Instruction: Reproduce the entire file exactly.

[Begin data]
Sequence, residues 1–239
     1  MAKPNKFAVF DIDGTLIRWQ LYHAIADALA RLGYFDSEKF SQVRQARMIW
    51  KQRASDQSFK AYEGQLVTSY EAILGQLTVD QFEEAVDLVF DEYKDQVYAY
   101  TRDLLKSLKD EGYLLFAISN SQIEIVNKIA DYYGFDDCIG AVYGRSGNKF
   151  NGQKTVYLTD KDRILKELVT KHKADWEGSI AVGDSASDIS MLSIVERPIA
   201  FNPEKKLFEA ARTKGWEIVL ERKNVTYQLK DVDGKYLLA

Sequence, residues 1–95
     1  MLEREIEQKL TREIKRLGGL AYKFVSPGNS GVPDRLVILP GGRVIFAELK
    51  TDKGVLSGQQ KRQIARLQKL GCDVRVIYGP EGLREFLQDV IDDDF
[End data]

Sequence, residues 1–239
     1  MAKPNKFAVF DIDGTLIRWQ LYHAIADALA RLGYFDSEKF SQVRQARMIW
    51  KQRASDQSFK AYEGQLVTSY EAILGQLTVD QFEEAVDLVF DEYKDQVYAY
   101  TRDLLKSLKD EGYLLFAISN SQIEIVNKIA DYYGFDDCIG AVYGRSGNKF
   151  NGQKTVYLTD KDRILKELVT KHKADWEGSI AVGDSASDIS MLSIVERPIA
   201  FNPEKKLFEA ARTKGWEIVL ERKNVTYQLK DVDGKYLLA

Sequence, residues 1–95
     1  MLEREIEQKL TREIKRLGGL AYKFVSPGNS GVPDRLVILP GGRVIFAELK
    51  TDKGVLSGQQ KRQIARLQKL GCDVRVIYGP EGLREFLQDV IDDDF